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 Post subject: "sat at no man's feet"
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Joined: Mon Sep 24, 2012 1:16 am +0000
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Location: Wellington, New Zealand
Hi all,
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126:2.3 ... It remained always true that Jesus “sat at no man’s feet.” ...

Does anyone know what this UB passage is quoting? Presumably it is quoting something as it has quotation marks.
Thanks,
kiwi


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Googling "sat at no man's feet" in quotes produces about 4 pages of results -- anything printed after about 1930 can be disregarded. Matthew Block's work would most likely provide the best source reference for this quote.

Larry


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Kiwi,
My opinion on this relates to ancient methods of teaching where the students sat around the standing teacher on the floor at the teacher's feet. This showed respect for the standing of the teacher as their superior.

Jesus is One with God The Father and is no respecter of persons. No one could teach Jesus. He was the teacher of all of his children in Nebadon.


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Joined: Mon Sep 24, 2012 1:16 am +0000
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Thanks for your responses Larry and Johnnybones,

The google search hits all seem to be UB text or derivatives. And I can't find anything on squarecircles.com by Matthew Block on Paper 126. (Which is why I posted the question.)

Any more ideas anyone?

Thanks,
kiwi


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It could be a direct quote from a source but the UB also uses quotation marks to indicate idioms or expressions such as "doubting thomas" and "lull before the storm". The UB paramony points to the verse in Acts where the writer mentions having studied at the feet of Gamaliel...obviously not a direct quote there but consistent usage of the expression.
A 1912 book uses the same phrase here....i doubt that's the only example in history though lol. I think the quotation marks are just used to indicate figurative rather than literal meaning.


Last edited by Makalu on Thu Apr 09, 2015 6:54 am +0000, edited 1 time in total.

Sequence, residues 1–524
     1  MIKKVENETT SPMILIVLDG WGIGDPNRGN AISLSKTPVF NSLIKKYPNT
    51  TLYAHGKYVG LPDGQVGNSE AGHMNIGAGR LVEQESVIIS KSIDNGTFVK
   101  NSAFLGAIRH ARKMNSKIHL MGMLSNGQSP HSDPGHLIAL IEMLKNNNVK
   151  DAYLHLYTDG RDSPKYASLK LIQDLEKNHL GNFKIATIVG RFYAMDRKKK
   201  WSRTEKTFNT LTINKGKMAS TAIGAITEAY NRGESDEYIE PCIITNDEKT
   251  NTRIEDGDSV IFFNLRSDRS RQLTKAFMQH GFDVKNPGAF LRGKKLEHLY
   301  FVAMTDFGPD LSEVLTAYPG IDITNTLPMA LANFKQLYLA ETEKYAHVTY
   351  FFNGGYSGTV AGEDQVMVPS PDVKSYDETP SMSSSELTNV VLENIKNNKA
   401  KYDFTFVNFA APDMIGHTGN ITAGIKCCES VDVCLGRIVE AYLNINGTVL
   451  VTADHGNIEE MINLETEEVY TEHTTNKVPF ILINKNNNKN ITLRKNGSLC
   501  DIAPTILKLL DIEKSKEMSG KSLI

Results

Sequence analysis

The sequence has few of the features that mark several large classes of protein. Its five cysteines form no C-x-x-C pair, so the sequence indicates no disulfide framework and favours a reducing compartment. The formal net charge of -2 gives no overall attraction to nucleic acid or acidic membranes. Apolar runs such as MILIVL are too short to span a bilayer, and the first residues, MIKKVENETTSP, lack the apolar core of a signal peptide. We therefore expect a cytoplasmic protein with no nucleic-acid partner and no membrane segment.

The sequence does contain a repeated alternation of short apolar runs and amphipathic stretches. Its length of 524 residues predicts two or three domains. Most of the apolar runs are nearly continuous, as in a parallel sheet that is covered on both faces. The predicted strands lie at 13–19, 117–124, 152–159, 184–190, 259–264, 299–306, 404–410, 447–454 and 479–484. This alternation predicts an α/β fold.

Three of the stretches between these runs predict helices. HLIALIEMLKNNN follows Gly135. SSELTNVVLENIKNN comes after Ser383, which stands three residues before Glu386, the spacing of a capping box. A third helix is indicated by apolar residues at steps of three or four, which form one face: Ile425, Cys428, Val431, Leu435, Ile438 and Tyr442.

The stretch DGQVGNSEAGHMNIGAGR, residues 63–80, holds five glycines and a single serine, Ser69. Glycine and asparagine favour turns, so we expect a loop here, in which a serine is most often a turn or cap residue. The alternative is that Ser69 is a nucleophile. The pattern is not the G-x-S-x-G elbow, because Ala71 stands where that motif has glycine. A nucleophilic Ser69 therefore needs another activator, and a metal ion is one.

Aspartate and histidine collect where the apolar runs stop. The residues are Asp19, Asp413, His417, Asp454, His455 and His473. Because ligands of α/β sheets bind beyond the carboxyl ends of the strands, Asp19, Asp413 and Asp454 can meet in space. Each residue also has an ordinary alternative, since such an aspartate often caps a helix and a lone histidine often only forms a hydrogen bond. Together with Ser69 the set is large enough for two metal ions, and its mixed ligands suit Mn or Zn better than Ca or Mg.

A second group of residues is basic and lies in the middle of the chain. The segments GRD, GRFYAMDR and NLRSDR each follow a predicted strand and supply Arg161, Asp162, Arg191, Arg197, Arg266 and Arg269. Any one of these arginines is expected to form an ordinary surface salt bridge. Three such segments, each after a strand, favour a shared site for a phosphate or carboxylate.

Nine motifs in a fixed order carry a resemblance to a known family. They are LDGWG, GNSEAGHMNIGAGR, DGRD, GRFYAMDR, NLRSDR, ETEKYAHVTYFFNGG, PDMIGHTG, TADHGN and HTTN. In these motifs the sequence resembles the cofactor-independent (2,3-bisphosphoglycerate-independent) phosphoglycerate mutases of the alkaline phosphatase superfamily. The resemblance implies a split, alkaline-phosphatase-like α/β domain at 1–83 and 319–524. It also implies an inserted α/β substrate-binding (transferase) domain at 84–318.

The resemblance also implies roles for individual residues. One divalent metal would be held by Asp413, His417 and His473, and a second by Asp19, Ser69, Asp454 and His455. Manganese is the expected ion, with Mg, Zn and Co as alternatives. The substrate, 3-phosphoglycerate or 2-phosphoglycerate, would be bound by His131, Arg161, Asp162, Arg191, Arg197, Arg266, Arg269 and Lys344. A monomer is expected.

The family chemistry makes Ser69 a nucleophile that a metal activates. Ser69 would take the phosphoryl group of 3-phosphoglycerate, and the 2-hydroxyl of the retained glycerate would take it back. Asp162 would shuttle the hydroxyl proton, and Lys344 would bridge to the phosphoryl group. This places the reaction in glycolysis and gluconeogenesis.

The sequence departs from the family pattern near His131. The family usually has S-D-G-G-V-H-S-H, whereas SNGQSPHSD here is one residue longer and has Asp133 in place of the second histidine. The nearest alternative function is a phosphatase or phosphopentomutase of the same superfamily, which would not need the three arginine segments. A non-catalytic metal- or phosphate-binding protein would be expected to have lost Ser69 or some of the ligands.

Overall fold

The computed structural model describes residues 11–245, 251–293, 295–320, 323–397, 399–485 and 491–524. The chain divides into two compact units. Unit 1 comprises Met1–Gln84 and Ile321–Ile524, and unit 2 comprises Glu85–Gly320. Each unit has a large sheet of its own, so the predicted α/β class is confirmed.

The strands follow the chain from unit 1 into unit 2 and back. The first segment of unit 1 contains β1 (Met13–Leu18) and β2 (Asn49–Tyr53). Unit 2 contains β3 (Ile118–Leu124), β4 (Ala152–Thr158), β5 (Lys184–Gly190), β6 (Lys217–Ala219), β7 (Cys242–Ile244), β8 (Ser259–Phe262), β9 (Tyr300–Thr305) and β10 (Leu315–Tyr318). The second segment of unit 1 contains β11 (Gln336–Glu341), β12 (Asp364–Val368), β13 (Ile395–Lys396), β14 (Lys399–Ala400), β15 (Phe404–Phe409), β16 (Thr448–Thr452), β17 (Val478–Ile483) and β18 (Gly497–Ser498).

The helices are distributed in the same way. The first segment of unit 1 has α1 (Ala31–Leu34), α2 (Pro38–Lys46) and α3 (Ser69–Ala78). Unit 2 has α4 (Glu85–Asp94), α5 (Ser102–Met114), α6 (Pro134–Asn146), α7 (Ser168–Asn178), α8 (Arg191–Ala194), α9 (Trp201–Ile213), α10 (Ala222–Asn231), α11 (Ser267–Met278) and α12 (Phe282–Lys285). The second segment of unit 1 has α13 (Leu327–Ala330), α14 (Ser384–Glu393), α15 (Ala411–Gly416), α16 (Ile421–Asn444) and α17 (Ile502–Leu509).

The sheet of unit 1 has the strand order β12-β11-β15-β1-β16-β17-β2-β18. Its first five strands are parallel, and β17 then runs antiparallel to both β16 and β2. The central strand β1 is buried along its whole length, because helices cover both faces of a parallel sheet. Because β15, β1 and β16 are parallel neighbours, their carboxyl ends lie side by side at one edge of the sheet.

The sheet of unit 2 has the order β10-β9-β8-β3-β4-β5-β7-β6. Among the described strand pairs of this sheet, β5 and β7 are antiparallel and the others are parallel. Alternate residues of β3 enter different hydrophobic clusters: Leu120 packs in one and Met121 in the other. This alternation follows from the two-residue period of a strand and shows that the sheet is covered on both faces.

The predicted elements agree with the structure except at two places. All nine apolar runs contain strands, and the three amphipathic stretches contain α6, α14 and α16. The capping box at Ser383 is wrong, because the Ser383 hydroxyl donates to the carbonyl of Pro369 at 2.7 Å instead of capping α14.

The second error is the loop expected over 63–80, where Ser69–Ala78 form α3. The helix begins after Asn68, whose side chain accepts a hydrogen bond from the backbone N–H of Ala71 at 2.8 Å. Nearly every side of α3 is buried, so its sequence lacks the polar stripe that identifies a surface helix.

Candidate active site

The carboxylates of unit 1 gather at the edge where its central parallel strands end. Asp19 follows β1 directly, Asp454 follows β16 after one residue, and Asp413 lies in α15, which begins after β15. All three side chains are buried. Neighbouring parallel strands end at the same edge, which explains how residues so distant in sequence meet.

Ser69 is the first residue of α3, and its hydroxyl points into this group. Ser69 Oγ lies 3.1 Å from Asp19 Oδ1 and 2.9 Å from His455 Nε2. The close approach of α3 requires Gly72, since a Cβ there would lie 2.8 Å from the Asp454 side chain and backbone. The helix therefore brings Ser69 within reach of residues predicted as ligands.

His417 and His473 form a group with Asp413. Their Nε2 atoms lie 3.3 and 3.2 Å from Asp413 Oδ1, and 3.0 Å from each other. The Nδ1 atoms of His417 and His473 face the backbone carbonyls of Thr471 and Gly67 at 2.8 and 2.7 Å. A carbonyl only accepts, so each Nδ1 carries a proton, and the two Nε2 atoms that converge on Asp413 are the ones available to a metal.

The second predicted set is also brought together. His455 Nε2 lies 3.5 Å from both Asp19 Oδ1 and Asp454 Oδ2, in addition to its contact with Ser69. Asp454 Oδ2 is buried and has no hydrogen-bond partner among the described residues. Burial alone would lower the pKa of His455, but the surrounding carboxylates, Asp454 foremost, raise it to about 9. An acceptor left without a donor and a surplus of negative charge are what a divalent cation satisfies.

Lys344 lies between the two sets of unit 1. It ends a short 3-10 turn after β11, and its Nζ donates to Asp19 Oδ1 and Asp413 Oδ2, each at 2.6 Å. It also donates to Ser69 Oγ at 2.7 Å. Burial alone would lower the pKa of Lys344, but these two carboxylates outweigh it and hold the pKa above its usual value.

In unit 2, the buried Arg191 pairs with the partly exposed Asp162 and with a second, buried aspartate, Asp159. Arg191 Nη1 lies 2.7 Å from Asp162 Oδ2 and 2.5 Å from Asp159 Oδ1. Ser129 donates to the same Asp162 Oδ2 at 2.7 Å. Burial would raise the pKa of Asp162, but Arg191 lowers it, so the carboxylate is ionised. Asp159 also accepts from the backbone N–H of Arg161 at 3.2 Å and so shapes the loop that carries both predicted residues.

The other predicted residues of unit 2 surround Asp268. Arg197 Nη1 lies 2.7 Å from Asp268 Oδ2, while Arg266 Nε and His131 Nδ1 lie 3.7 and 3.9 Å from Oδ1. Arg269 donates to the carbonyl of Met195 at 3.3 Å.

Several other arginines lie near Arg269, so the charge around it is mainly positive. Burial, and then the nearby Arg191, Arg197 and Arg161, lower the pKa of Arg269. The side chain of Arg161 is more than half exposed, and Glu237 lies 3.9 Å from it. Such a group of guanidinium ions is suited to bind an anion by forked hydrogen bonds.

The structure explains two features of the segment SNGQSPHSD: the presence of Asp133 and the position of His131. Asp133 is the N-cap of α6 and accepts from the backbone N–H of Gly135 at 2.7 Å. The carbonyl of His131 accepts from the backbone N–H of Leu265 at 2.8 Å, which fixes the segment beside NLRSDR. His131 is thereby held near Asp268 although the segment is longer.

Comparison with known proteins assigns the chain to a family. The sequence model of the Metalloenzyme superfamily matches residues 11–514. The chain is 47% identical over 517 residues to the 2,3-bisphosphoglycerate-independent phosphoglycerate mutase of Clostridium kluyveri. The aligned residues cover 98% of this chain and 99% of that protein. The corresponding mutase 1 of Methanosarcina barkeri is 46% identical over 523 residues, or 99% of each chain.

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Makalu wrote:
It could be a direct quote from a source but the UB also uses quotation marks to indicate idioms or expressions such as "doubting thomas" and "lull before the storm". The UB paramony points to the verse in Acts where the writer mentions having studied at the feet of Gamaliel...obviously not a direct quote there but consistent usage of the expression.
A 1912 book uses the same phrase here....i doubt that's the only example in history though lol. I think the quotation marks are just used to indicative figurative rather than literal meaning.



I agree. Considering the sentence before this one in TUB, it references Jesus now having a valid excuse (due to the death of Joseph) to not attend Formal Schooling in Jerusalem. The quote is a direct reference to education, and the fact that Jesus had no formal education IMO.

126:2.3 Jesus cheerfully accepted the responsibilities so suddenly thrust upon him, and he carried them faithfully to the end. At least one great problem and anticipated difficulty in his life had been tragically solved — he would not now be expected to go to Jerusalem to study under the rabbis. It remained always true that Jesus “sat at no man’s feet.” He was ever willing to learn from even the humblest of little children, but he never derived authority to teach truth from human sources.

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Intelligence is the capacity to receive, decode and transmit information efficiently. Stupidity is the blockage of this process at any point. - Robert Anton Wilson


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